GALLERY NEWS 2013
Booth Western Art Museum &
Foosaner Art Museum
Gail Severn Gallery is proud to announce gallery artist Theodore Waddell has two museum exhibitions currently on view in the eastern part of the United States. The first exhibition, "My West: The Art of Theodore Waddell" will be on display until December 29, 2013 at the Booth Western Art Museum, located in Cartersville Georgia. Waddell's second exhibition at Foosaner Art Museum, in Melbourne, Florida, is titled "Theodore Waddell: Far West." This exhibition runs until January 19, 2014. Waddell's style is distinctly contemporary, but has influencs of both abstraction and realism. Links to both of the museum exhibitions are below.
Mountain Living Magazine
Lisa Kokin's wonderful mixed media work is being featured in Mountain Living Magazine. Kokin is best know for making art from books in a process she refers to as "sewing and alterations." The magazine photo spread features her "Melancholy Rancher," consisting of book covers, shredded pages, mull, thread, and wire.
As well as being able to see Lisa's work at Gail Severn Gallery, her "sewing and alterations" will be on view at Boise Art Museum from October 5, 2013 through April 27, 2014.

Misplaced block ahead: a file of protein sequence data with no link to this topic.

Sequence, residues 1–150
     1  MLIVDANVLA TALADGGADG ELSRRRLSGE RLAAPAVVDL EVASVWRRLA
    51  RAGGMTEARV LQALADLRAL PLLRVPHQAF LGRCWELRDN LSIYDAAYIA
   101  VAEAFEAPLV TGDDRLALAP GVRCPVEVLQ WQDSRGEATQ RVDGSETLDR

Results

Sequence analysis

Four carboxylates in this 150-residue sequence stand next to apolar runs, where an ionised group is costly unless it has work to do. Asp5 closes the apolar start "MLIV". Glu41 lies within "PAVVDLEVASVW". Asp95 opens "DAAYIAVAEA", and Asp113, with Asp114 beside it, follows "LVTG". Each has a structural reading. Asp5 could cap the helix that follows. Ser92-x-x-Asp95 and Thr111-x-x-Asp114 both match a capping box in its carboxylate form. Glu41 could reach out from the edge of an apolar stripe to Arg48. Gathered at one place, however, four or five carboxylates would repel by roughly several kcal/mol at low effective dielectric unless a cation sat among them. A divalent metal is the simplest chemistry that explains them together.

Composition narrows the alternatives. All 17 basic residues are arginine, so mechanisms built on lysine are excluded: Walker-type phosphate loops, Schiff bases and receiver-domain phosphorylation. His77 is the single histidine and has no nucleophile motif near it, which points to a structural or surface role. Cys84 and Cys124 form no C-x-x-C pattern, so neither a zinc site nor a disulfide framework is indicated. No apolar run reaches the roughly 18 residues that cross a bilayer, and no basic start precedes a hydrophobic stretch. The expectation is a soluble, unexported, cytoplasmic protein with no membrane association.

Close-up of "Melancholy Rancher."
The Patra Passage: An Experiment in a Cycle of Giving and Receiving
Begining September 28, 2013
The Patra Passage, created by Lynda Lowe, is an art-based experiment in the ongoing act of giving and receiving. The word patra refers to the name of alms bowls that monks carry in various cultures and translates as the vessel that never goes empty. Whatever is received in the bowl is enough for the day, a reminder of the offerings of the present moment.
The Patra Passage involves the circulating of 108 hand-built ceramic vessels seated on small paintings and presented in wooden boxes similar to Tomobako used for housing tea bowls. One hundred and eight represents an auspicious number in many cultures and emphasizes the value of repetition of labor in gift economies. The vessels go through a series of firings ending with a smoky pit-fire. They incorporate both refined and primitive qualities and suggest humble quotidian use as well as ritual purpose. The vessels are meant to be held in hand, closely examined, and used as contemplative objects.
The Patra bowls are meant to be symbolic contemplative objects, cradled in the hands, closely examined, and used to prompt meaningful reflection. The first 108 recipients, initially chosen by the artist Lynda Lowe, were presented with their Patra in a ritual ceremony on September 28th, 2013 at the Museum of Glass in Tacoma, WA. These participants are allowed to keep the vessel for a self-determined amount of time, maybe a few days but no longer than four months. They will then give the vessel in some significant manner to another recipient of their choosing and explain the purpose of The Patra Passage. This next participant keeps the Patra and then re-gifts it to another recipient they’ve selected. During this year-long cycle that began Sept. 28, 2013, each vessel will have been presented at least three times, creating a community of over 324 participants before being shipped back for the 2015 exhibition at the Museum of Glass in Tacoma, WA.